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Old 04-28-2021, 10:43 AM   #21
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You can't be serious.
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Old 04-28-2021, 02:09 PM   #22
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Originally Posted by TTMartin View Post
What is ideal for building out the rest of the trailer is an unpainted trailer.

What's 'ideal' for the painter isn't 'ideal' for the manufacturer.

If you look at build pictures you'll often see marks where gelcoat needs touching up this is one of the final steps...]
Yes, paint might need to be touched up, and that might be more difficult than touching up gelcoat (for a fiberglass manufacturer). Of course the bare body of every car and truck is painted before any of the assembly work is done, and touching up paint due to assembly errors is rarely an issue.

I understand the issues and don't fault Escape Trailer Industries (or any other RV manufacturer) for not offering fiberglass bodies painted before assembly... it would just be the most desirable way to do it for the customer (not just the person doing the painting).

Of course the original topic was just colours, and manufacturers could offer other colours just in the current gelcoat without introducing any issues of adding paint to the manufacturing process... and I understand why they don't do that, either.
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Old 04-28-2021, 02:13 PM   #23
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Originally Posted by Bill R View Post
One of the people who saw our first Escape bought a new 5.0TA and did red and white.
That's a striking combination. Of course it's obvious that it would limit resale appeal, particularly for people who don't own a truck in a matching shade of red.

When we bought our used Boler, we looked at one of the same model that had some customizations, including a bad paint job. Each of the customizations reduced to the value to us, and we didn't buy the painted one. The red-and-white 5.0TA looks like it has a much better paint job , although the white fittings on the red body section are a strange choice.
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Old 04-28-2021, 10:38 PM   #24
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Quote:
Originally Posted by Brian B-P View Post
The red-and-white 5.0TA looks like it has a much better paint job , although the white fittings on the red body section are a strange choice.
My limited understanding is that a third party painted it before pickup in Chilliwack. I do not know when in the build process it was painted. I posted more to inform the OP that someone actually did this.

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Old 04-29-2021, 12:24 PM   #25
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Henry Ford had it right 100 years ago, any color you want as long as it was black.......
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Old 04-29-2021, 03:40 PM   #26
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Originally Posted by cpaharley2008 View Post
Henry Ford had it right 100 years ago, any color you want as long as it was black.......
The Model T was introduced in 1908, and through the 1913 model year buyers had a choice of several colors, including black. For 12 years, only black was offered because they needed to build quickly and the available fast-drying paint process only worked with black. Then, in 1926 and 1927, Ford was losing sales to the competition (GM) who were using the new faster-drying nitrocellulose lacquers, so green, light blue, brown, and maroon were added.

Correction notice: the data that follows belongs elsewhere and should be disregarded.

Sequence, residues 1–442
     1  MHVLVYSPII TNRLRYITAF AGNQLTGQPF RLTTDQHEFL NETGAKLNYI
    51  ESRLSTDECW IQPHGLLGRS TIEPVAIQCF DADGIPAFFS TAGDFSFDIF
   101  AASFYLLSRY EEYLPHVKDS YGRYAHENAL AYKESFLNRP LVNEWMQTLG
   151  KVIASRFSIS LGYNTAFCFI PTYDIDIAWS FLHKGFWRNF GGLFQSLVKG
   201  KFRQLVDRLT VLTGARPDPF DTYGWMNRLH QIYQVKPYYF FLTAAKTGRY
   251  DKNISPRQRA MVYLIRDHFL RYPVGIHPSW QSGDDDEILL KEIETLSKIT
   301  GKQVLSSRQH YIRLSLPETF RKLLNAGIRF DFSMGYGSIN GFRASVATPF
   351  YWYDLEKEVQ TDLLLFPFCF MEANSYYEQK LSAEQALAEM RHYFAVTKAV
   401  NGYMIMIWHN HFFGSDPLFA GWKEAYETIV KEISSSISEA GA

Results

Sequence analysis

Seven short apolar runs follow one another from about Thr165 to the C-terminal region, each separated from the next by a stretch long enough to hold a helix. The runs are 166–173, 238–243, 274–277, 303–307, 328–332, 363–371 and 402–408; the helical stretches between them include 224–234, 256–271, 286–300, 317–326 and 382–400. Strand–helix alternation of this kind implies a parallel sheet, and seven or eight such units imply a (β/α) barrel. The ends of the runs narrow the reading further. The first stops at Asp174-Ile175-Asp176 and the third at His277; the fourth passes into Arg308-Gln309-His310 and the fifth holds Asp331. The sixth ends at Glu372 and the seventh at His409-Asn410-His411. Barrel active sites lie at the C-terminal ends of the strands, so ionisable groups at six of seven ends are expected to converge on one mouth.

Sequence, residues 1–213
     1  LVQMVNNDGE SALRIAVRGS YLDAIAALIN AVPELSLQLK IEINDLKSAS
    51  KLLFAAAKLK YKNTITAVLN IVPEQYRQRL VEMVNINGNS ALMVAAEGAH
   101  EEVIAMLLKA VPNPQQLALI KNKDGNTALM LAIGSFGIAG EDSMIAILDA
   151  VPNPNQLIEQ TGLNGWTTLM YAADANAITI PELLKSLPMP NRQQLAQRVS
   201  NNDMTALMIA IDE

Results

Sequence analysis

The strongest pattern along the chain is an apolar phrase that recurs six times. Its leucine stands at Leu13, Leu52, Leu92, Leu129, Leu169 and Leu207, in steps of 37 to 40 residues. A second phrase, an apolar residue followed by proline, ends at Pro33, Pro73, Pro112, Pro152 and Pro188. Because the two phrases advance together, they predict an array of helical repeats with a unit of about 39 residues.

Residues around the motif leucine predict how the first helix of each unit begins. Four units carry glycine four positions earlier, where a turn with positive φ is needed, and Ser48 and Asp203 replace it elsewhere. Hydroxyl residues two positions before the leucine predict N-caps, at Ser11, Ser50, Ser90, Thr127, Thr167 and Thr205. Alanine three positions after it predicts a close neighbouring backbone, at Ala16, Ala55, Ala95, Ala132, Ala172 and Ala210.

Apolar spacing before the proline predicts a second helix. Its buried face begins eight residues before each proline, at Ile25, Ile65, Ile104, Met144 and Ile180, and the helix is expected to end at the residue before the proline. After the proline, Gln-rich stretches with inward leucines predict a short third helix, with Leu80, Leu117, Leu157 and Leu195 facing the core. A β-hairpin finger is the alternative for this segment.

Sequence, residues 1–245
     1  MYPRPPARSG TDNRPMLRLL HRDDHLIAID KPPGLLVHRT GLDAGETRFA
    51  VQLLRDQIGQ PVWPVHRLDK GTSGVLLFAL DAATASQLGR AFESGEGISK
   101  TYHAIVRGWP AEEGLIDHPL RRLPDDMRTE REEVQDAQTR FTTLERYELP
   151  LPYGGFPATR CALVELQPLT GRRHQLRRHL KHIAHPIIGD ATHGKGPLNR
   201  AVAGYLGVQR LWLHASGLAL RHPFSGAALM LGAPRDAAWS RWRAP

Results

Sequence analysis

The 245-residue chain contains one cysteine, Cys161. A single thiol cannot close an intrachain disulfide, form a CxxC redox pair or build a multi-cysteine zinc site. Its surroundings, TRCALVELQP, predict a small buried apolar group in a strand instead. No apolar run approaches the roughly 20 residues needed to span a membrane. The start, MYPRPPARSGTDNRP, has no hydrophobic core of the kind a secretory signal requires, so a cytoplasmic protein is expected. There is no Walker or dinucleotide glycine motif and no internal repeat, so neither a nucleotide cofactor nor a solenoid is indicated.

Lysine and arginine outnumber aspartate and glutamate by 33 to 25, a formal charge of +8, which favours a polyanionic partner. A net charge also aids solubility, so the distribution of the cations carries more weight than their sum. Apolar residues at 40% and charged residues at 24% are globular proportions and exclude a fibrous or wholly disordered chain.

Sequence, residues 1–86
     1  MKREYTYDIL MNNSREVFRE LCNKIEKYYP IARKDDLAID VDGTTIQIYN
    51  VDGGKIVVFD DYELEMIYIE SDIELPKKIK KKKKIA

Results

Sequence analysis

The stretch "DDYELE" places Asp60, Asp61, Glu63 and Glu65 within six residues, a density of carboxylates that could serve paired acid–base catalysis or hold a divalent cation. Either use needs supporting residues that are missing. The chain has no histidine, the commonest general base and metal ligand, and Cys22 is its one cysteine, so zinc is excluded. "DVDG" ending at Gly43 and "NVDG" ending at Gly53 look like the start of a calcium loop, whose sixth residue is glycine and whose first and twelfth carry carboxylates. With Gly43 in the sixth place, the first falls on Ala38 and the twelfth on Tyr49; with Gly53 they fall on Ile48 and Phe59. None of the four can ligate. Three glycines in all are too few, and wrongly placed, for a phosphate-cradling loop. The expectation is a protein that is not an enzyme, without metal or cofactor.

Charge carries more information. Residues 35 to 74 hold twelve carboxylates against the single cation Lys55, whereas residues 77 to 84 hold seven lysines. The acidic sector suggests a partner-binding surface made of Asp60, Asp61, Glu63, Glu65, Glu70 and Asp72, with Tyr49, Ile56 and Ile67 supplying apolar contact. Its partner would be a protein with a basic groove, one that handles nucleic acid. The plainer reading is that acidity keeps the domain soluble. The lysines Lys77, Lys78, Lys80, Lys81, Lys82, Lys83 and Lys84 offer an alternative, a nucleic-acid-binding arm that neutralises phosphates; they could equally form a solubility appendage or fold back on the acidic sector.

Not much of this is relevant to moulded fiberglass trailers, as gelcoat can be any of a wide range of colours and cures equally quickly regardless of colour. On the other hand, painting fiberglass would certainly slow production.

Ford got away with not offering a choice for a while because there there wasn't much competition and because colour wasn't highly important to buyers. Perhaps those are the most relevant parts of the Model T story.
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Old 04-29-2021, 03:53 PM   #27
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Originally Posted by Bill R View Post
My limited understanding is that a third party painted it before pickup in Chilliwack. I do not know when in the build process it was painted. I posted more to inform the OP that someone actually did this.
I assume that it was painted after manufacturing, since it is unlikely that Escape accommodated painting during the build.

But I was just commenting that the fittings don't need to contrast, regardless of when the painting was done. There are choices...
  • The fittings can be painted over (like my motorhome, which was painted at the factory but after it was completely built). This looks good to start, but as flexible mouldings (such as around the windshield) contract, lines of the underlying colour become visible. If fittings need to be removed and replaced, there is paint missing wherever there was sealant; if they are changed to a different shape, there is no paint anywhere within the footprint of the original fitting.
  • Fittings can be just masked off. That's fine for windows, but for hatches they then don't match.
  • The fittings can be removed, then replaced after painting. This allows fittings to be painted separately if desired. If reinstalled with clear caulk the colour can be continuous, and if any anything needs to be removed and replaced or reinstalled later the colour integrity can be maintained. Painting plastic utility hatches with a paint suited to their material is probably a good way to extend their life, and avoid fading, even if they're not colour-matched to the main body colour.
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Old 04-29-2021, 04:26 PM   #28
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When I see a quote like the one above, I Google "origin of quote ... " and invariably, it's a mis-quote or mis-attribution. You can quote me on that.
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Old 04-29-2021, 05:47 PM   #29
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The rest of the tale

Henry Ford is quoted as saying “You can have any color you want so long as it’s black.” And like so many quotes, there is dispute that it was ever said. Fortunately, no one is ascribing it to Mark Twain.
But whether Ford said it or not, he certainly did write it. It’s in his book My Life and Work, published in 1922. The entire quote is as follows:
Therefore in 1909 I announced one morning, without any previous warning, that in the future we were going to build only one model, that the model was going to be “Model T,” and that the chassis would be exactly the same for all cars, and I remarked: ‘Any customer can have a car painted any colour that he wants so long as it is black.’
What’s odd about this statement is that Model T’s were available in a variety of colors, at least until 1915. In fact, up until that point, black wasn’t even an option! But from 1915 to 1925, black was the only option. But why?